Wednesday, August 12, 2009

Fairfax Schools Air CDC's Strategy for Swine Flu's Return:

By Nelson Hernandez
Washington Post Staff Writer
Wednesday, August 12, 2009

The expected resurgence of swine flu this fall could lead some public schools to become mass inoculation clinics. Infected students could be forced to wear surgical masks and put in isolation rooms before being sent home.

But school officials predict that the wave of school closings that caused much angst in the spring is unlikely to be repeated.

"School closures aren't really on the table," said Fred Ellis, director of safety and security for Fairfax County public schools. Unless the virus, known as H1N1, mutates to become more severe, health officials said, they will try to keep schools open and prevent the spread of the virus through other means.

"We really want people to get sick and tired, as I know you already are, of hand-washing and coughing etiquette," Ellis told about 200 Fairfax principals who had gathered for a back-to-school briefing Tuesday. A school might still be closed if there aren't enough healthy teachers and staff members to run the school or bus drivers to transport students, Ellis said.

The session at Luther Jackson Middle School, in the Falls Church area, offered a window into the preparations underway across the country as school officials pore over the latest guidance from the Centers for Disease Control and Prevention in the weeks before classes resume.

In the spring, when little was known about how deadly the disease might be, the CDC's advice frustrated some health officials, school principals and parents. Initially, a school could be closed for a week or more because of a single confirmed case of swine flu, and it seemed that the entire school year could crash to a halt. But that directive quickly changed because the virus's effects appeared to be fairly mild.

The CDC's latest advice gives local school systems more flexibility in dealing with the illness and on closing schools.
Students and staff members who are sick should stay home and should not return to school until at least 24 hours after the fever has broken, the CDC says.

Under CDC guidelines, sick students who do go to school would be asked to wear a surgical mask and sent to a quarantine room to be watched over by an adult also wearing a mask. The students would remain quarantined until their parents picked them up.

There could be more changes to the guidelines, particularly after a vaccine begins to be administered to the public en masse.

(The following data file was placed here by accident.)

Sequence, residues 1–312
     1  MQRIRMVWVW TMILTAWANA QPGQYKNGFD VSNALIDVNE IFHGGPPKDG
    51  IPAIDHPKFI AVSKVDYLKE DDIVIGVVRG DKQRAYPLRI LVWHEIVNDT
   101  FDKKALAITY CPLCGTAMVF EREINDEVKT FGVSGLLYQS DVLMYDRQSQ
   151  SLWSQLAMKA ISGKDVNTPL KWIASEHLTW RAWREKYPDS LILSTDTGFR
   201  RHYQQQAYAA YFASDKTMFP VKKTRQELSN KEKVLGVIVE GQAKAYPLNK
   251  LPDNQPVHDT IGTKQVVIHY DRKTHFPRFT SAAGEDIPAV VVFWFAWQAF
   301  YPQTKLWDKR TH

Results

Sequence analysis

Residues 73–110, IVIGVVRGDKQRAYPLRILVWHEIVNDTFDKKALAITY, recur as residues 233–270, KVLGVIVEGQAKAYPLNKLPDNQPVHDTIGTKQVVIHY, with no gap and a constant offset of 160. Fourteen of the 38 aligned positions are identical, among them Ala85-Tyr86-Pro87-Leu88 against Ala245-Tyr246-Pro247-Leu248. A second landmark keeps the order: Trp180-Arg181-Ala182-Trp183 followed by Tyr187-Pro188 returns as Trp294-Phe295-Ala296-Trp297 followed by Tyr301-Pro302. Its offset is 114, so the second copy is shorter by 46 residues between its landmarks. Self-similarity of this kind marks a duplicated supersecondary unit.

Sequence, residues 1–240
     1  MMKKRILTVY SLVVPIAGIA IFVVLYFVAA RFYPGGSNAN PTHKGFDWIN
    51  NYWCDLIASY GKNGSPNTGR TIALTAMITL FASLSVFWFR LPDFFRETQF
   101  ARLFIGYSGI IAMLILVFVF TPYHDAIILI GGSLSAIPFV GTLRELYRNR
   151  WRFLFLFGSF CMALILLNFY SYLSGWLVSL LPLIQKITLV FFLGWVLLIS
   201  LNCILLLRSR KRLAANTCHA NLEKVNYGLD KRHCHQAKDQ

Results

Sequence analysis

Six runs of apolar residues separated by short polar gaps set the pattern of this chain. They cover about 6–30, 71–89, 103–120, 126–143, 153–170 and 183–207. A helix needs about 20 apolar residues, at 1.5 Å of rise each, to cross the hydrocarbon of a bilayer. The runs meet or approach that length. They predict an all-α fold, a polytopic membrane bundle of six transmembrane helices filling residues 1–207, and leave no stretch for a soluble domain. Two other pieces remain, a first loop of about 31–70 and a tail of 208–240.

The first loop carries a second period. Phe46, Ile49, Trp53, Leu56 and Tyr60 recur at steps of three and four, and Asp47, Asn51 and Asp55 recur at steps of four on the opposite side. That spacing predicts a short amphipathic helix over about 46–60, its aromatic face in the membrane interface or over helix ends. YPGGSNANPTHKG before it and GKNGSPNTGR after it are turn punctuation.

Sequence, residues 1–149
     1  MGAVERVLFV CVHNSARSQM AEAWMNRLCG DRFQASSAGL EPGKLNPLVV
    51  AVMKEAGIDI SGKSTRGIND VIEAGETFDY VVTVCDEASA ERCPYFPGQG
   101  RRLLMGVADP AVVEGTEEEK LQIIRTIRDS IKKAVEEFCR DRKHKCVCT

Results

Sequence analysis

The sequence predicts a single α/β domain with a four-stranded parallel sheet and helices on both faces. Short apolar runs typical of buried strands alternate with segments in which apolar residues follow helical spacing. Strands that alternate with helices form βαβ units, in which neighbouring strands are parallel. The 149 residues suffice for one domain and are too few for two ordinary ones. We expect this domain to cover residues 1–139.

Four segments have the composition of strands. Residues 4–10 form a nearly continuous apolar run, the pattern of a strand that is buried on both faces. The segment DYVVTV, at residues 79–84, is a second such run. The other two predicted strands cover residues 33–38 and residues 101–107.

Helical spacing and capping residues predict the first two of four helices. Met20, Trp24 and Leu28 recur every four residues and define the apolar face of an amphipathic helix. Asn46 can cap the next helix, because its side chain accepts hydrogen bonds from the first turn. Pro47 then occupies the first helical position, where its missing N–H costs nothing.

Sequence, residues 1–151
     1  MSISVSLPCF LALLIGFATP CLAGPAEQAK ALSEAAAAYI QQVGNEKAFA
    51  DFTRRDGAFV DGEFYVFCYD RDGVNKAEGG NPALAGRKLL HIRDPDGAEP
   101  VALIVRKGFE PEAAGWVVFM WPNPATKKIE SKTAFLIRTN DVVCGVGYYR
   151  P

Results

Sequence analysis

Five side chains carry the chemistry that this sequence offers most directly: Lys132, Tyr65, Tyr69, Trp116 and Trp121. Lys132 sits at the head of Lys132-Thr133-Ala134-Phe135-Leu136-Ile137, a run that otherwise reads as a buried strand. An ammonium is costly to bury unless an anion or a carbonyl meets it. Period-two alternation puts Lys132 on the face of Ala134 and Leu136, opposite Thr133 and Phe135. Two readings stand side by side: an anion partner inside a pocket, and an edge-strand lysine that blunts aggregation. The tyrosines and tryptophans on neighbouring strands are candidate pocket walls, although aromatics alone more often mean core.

At the University of Maryland School of Medicine in Baltimore, 66 adult volunteers have received the first of two doses of an H1N1 vaccine. The university is one of 10 sites for national clinical trials of the vaccine, which started Monday.

The goal of the clinical trials is to determine how strong a dose is required to protect different age groups. To that end, researchers will test for antibodies in the volunteers' blood to assess their immunity.


Once testing is complete, the vaccine is to be given to states and local governments and administered to millions of Americans, starting with vulnerable populations such as children and young adults, pregnant women and people with weak immune systems. But there is no timeline or firm idea of how the vaccinations will be administered.

"Right now, we cannot stand here and tell you what the vaccination plan is going to look like," Ellis said. "We have no idea."

One option discussed would use schools as mass inoculation clinics. But Ellis also said Fairfax County's plan for dealing with the virus is "flexible and fluid," one of several remarks that drew laughs.

The H1N1 vaccine will not be a substitute for seasonal flu vaccine, and health officials recommended that their employees and everyone else get both.

Seasonal flu shots will be free for all school employees.
At Tuesday's briefing, Fairfax principals wrote out questions on blue index cards for health and school officials to answer. There were queries about the vaccine's effects (it should be as safe as a seasonal flu shot); about how to clean rooms in schools (with standard cleaning products, because antibacterial soap isn't any more effective against a virus); and about who will pay for cleaning products (the school system).

As they left the meeting, the principals seemed ready to face what will come.

"I think people are much more comfortable at this point in time," said Theresa West, principal of McNair Elementary School in Herndon. "Last spring, nobody knew what was happening. There was fear, getting in planes and everything else. Information, it helps people be calm."

Staff writer Rachel Saslow contributed to this report.

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